This week is the 2010 Global Maternal Health Conference in Delhi. Hosted by the Maternal Health Task Force at Engender Health and the The Public Health Foundation of India, the conference brings together policymakers from all over the world to focus on decreasing maternal mortality rates in the developing world by using public advocacy to inspire public will.
As the first session got under way, panelist Gita Sen, Professor of Public Policy at the India Institute of Management drew attention to some jarring news. Sen held up an article from the Hindustan Times, a report on a pregnant woman who died after giving birth in a busy market, mere miles away from where the conference was being held.
The story is unfortunately familiar to too many women around the world and reiterates the gravity of the issue at hand. However, as I sat at my desk at the UN and watched a live streaming of the conference I was struck by the fact that more and more, advocacy groups are coming together to focus on how to use social media to spread information about a cause as opposed to the cause itself.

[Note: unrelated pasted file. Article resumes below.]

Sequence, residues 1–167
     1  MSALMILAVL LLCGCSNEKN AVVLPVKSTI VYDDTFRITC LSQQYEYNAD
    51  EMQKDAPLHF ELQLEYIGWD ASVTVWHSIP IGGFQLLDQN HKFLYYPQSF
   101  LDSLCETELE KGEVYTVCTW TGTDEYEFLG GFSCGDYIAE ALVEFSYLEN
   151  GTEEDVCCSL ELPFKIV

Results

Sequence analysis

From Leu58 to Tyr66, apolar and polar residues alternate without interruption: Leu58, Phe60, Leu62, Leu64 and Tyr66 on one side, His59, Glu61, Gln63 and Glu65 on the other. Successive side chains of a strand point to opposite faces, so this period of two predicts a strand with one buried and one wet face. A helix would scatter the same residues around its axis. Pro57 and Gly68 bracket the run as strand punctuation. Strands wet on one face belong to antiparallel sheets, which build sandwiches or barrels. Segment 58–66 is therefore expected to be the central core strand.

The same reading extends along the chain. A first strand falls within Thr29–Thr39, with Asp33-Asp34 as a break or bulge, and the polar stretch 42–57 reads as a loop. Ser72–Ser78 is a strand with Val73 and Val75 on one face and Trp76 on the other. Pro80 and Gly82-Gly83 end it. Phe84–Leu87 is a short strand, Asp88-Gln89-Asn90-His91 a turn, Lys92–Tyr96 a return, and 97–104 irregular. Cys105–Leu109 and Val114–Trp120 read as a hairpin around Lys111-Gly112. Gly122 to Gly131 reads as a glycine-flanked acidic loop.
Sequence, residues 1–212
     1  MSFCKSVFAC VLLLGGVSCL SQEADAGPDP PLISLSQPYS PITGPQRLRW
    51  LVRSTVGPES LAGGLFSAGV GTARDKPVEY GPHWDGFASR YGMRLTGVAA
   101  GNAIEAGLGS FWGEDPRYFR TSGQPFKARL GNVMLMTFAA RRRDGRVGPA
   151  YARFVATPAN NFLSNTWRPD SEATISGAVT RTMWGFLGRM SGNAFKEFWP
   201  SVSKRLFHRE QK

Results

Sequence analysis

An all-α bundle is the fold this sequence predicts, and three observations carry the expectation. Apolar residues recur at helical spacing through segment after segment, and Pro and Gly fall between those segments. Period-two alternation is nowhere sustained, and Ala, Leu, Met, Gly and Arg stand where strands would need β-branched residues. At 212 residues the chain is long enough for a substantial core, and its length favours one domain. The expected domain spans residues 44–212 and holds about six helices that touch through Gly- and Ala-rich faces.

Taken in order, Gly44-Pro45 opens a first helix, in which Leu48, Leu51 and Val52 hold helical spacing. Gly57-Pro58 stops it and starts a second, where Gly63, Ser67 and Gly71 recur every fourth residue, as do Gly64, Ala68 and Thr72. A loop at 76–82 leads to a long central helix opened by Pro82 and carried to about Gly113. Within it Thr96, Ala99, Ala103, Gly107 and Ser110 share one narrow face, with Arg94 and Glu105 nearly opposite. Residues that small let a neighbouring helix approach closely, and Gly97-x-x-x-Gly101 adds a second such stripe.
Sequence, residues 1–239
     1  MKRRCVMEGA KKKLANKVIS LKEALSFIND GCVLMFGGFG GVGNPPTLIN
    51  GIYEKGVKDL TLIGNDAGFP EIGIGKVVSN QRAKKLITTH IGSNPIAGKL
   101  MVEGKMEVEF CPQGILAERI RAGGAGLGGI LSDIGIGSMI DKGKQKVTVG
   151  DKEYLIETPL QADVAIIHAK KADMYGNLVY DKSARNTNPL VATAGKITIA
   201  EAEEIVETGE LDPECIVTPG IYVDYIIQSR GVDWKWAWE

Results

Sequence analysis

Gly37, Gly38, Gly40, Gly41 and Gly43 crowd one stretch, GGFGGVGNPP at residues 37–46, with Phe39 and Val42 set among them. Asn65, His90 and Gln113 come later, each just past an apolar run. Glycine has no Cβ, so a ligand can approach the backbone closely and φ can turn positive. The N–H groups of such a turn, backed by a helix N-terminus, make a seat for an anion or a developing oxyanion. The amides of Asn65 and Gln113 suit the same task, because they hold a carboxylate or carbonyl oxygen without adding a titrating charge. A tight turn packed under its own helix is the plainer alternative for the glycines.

The question is one that needs careful consideration, especially as the mediums to generate grassroots support expand every day. In the digital age, everything from Facebook to LinkedIn presents an opportunity to promote a cause and it seems that nearly every .org must also have a Twitter account. But for the women in developing countries, this issue is more than the latest fad in global health—it is their lives.
The conference is the latest event to highlight maternal mortality, the fifth Millennium Development Goal. This Goal has received a big boost of publicity in the build up to the September MDG Summit, with everyone from the Secretary-General to filmmakers; even supermodels are getting involved. However, the challenge of translating awareness into political will still presents an obstacle for NGOs and others hoping to push governments to prioritize the problem.
Big names, trendy topics, and webcasts create more public awareness regarding maternal mortality. But will this cause donors and governments to move from pledges to commitments? Does social media have the potential to not just identify the nameless women of the world but also improve their lives?